Rockets GM Daryl Morey: Clint Capela ‘couldn’t price himself out’ of Houston

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Clint Capela is a Most Improved Player candidate.

The Rockets center has advanced his defensive awareness, and he’s crashing the glass harder and showing more touch inside. Importantly, he has also improved his conditioning so he can handle more playing time.

He’s in line to get paid in restricted free agency next summer after Houston didn’t sign him to a rookie-scale contract extension.

Rockets general manager Daryl Morey, via Tim MacMahon of ESPN:

“We’ll have him here as long as he’ll have us,” Morey said. “He couldn’t price himself out.”

“The only way [to overcome the Warriors] is to develop near-elite two-way players,” Morey said. “I think Clint has that potential. He’s on the way. He took a big step forward last year. It’s a lot to put on one guy, but we need one more step, at least.”

Did Morey run that by Tilman Fertitta? The new Rockets owner has said he’ll pay the luxury tax only to reach the Finals, and that’s a high bar to clear with Golden State around.

Houston already has nearly $76 million in 2018-19 and more than $85 million in 2019-20 committed to just five players (James Harden, Ryan Anderson, Eric Gordon, P.J. Tucker and Nene). Three starters – Capela, Chris Paul and Trevor Ariza – will be free agents next summer.

Maybe Morey is just trying to scare off other Capela suitors. It’ll already be a tight market, and centers have been especially squeezed. It might not take much to convince other teams to look elsewhere, allowing Houston to re-sign Capela at a discount.

Paul is probably the priority. If Houston is as invested in Capela as Morey indicates, that could leave Ariza as the odd man out.

Or the Rockets could make the Finals or at least convince Fertitta it’s likely next season, and he could greenlight enough spending to keep this core together.

Supermax for Brown? Bring back Mazzulla? Expect patience from Celtics this summer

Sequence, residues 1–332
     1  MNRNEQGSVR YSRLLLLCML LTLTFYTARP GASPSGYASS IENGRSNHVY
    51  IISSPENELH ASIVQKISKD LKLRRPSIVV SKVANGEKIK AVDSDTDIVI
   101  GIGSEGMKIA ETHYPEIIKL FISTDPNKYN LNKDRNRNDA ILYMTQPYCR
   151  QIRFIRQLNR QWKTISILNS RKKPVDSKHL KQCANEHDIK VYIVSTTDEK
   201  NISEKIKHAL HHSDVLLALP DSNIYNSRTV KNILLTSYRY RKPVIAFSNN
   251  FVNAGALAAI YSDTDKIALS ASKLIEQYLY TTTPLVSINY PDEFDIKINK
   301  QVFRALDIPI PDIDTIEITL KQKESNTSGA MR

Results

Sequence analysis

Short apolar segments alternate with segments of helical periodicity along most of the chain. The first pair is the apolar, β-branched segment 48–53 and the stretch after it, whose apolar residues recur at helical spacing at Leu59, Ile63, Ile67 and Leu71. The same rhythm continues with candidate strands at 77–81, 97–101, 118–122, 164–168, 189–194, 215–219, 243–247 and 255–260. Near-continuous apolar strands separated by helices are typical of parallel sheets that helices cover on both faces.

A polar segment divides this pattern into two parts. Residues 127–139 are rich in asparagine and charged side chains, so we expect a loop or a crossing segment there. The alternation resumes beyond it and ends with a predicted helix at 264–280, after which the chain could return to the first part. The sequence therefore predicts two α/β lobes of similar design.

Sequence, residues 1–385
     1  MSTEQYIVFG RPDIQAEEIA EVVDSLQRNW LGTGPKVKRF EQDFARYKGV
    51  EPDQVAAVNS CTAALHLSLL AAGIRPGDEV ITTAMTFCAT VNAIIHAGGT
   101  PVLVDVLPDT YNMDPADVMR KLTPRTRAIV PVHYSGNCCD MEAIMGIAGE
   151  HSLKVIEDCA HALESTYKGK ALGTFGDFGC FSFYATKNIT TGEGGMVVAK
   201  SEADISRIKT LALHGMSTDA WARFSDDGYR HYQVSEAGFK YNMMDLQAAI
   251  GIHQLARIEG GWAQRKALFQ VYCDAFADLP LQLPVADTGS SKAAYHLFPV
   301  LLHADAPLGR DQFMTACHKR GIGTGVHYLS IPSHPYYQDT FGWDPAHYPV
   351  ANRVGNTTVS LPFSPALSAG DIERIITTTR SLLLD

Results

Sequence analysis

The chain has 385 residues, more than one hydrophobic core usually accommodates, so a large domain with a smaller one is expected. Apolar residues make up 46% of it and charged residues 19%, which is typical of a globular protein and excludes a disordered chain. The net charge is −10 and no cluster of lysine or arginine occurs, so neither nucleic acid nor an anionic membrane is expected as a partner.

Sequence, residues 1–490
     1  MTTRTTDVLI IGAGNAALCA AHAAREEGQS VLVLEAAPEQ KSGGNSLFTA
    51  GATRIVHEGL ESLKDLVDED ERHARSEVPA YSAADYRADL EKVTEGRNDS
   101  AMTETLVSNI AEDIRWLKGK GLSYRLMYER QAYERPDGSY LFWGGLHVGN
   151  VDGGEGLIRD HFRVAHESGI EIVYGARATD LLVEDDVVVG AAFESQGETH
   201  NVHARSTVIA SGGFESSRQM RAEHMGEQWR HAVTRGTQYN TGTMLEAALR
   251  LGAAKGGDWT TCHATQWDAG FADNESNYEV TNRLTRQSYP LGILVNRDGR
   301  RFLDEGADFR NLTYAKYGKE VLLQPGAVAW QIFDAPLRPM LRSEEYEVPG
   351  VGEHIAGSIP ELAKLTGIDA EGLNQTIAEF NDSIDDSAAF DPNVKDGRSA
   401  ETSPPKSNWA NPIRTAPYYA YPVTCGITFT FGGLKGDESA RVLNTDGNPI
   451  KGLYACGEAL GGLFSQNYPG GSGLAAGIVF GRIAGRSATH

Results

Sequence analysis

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This was supposed to be the season these Celtics took one final step forward and hang banner 18. Last June, Boston reached the NBA Finals, only to fall to a more disciplined and relentless team. In the wake of that loss, all the right words came out of the Boston locker room about lessons learned.

This season, the Celtics lost in the Eastern Conference Finals to a more disciplined and relentless team.

Boston’s Game 7 elimination on their home court is the kind of loss that makes a franchise re-evaluate itself. It’s also a loss that summed up much of the Celtics’ season: Inconsistent play, struggles when their 3-point shots didn’t fall, and a defense that was strong in the regular season but struggled in the playoffs.

Now the Celtics head into the offseason with big questions about what is required to take that finals step.

The answers will be likely to essentially run it back. For now.

Those questions start with Jaylen Brown, who was second-team All-NBA during the regular season but against the Heat, to use his own words, “We failed. I failed.” Because of his All-NBA status, Brown is eligible for a five-year, $295 million supermax contract. Some of his public comments this season could be read as him telling the Celtics he expects that max.

Expect the Celtics to pay it.

While the book may still be out on the ceiling for the Brown and Jayson Tatum pairing, the fact remains the Celtics have the kind of elite wing duo around which a championship roster can be built. Or so it would seem. Some of the concerns about this team’s inconsistency have to fall to its stars, but having those stars entering their prime gives this team a chance for growth.

There have been calls from corners of the fan base to trade Brown, and his name did come up in trade rumors — for Kevin Durant. If the Celtics can land an all-time great still playing at a high level they have to consider the trade, but if it’s not KD or someone of that stature, who is Boston getting back in a trade that is better than Brown?

The smart move by Boston is to re-sign Brown, try to win, and if in a couple of years it doesn’t work consider their options.

This leads to the next big question: Is Joe Mazzulla the coach who can lead this team to a title?

Expect the Celtics to be patient and give him time to prove he can.